The New Sick Leave Act 2022

Statutory Sick Pay Ireland

By Shannon Power, 13th January 2023

On the 20th of July 2022, the Sick Leave Act 2022 was signed into law by President Michael D Higgins. The Act states that from the 1st of January 2023, employee’s have the right to three days’ sick pay per calendar year. This move by the government is in response to the recognition during the pandemic of the need for greater security for lower-income workers. This is known as Statutory Sick Pay, which is the legal minimum pay all employers must abide by in their sick leave schemes.

What is the Sick Leave Act?

In the past, employees had no legal rights to be paid by their employer whilst on sick leave. Before statutory sick pay, an employee whose employer did not provide paid sick leave could apply for Illness Benefit as an alternative. However, the payment was set as a flat €203/week, and workers had to satisfy a minimum level of PRSI contributions to avail of the benefit. Applicants would not get paid for the first 3 days of their absence, known as ‘waiting days’. This was reduced from 6 waiting days in March 2021.

The new Sick Leave Act 2022 allows for better income security for employees. Within the Act, sick pay is paid by your employer at 70% of your normal pay up to a maximum of €110/day. You must be an employee and work at least 13 weeks with your employer before you can get statutory sick pay.

The entitlement to paid sick leave will be phased in over the next four years as follows:

2023 – 3 days’ pay/year

2024 – 5 days’ pay/year

2025 – 7 days’ pay/year

2026 – 10 days’ pay/year

The staggered roll-out has been designed to avoid placing an excessive financial burden on employers – giving them time to plan and budget for additional costs.

Once entitlement to sick pay from the employer has ended, employees who need to take more time off may qualify for Illness Benefit for the Department of Social Protection subject to PRSI contributions.

What are the Requirements and How to Comply

To avail of the new statutory sick pay, employees must obtain a medical certificate. The entitlement is also subject to the employee having worked for their employer for a minimum of 13 weeks.

In addition, it will be mandatory that employers retain records of any statutory sick leave days taken by employees. These records must be kept for a period of four years. Failure to comply with this requirement may result in a fine of up to €2500.

It is possible that your employer already provides a more generous sick pay scheme, however, it must not go below the statutory amount. Section 9 of the Sick Leave Act 2022 states that if an employer already provides a more favourable sick pay scheme to their employees, they will not be obliged to comply with the statutory sick pay rules.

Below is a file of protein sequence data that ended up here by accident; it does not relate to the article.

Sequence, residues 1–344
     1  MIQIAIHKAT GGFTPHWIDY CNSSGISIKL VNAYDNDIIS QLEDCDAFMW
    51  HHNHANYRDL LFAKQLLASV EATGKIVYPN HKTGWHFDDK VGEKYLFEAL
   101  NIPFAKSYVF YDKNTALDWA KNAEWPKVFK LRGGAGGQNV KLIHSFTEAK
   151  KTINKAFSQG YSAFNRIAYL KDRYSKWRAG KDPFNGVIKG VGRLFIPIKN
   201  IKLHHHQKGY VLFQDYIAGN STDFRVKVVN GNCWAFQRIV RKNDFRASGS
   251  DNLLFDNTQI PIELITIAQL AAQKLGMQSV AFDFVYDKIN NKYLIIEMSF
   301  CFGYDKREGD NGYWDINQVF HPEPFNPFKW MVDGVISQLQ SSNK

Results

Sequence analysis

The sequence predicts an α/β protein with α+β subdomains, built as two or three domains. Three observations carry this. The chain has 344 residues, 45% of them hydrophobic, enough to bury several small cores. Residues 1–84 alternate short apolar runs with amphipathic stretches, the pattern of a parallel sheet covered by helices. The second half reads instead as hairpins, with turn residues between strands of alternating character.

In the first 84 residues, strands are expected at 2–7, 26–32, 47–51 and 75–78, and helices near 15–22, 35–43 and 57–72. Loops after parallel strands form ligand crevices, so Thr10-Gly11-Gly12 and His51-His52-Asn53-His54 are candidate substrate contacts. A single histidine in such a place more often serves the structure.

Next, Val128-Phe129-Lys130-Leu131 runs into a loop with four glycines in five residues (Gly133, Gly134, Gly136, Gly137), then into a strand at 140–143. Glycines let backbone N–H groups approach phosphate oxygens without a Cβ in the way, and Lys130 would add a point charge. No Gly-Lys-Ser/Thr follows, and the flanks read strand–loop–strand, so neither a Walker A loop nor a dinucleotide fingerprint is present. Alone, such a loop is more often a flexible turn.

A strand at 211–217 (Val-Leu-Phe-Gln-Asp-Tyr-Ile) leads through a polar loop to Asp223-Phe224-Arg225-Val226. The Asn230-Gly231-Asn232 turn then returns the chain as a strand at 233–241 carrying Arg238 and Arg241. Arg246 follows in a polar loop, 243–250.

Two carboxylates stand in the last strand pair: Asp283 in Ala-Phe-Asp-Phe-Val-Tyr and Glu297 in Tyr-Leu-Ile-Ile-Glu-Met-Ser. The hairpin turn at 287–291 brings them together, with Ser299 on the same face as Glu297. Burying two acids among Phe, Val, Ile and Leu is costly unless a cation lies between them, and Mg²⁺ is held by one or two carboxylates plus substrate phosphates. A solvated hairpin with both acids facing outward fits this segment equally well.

An employer must demonstrate that any discretionary or pre-existing scheme is definitely more favourable than that provided by the Act. This can be determined by referring to:

  • The period of service that is required before the sick leave is payable
  • The number of days that an employee is absent before sick leave is payable
  • The period for which sick leave is payable
  • The amount of sick leave that is payable
  • The referenced period of the sick leave scheme

It is advised that employers practice compliance by introducing a sick pay scheme, if none is already in place, review their existing sick pay policies, company handbook, and contracts to ensure they align with the requirements set out in the Sick Leave Act 2022. Compliance must also include informing employees of their rights and obligations under the new Act.

If you have any further enquiries regarding the Sick Leave Act 2022 or Company Compliance, the team here at Company Bureau would be more than happy to assist. Contact us today at +353(0)1 6461625 or fill out our online contact form.


Disclaimer This article is for guidance purposes only. It does not constitute legal or professional advice. No liability is accepted by Company Bureau for any action taken or not taken in reliance on the information set out in this article. Professional or legal advice should be obtained before taking or refraining from any action as a result of this article. Any and all information is subject to change.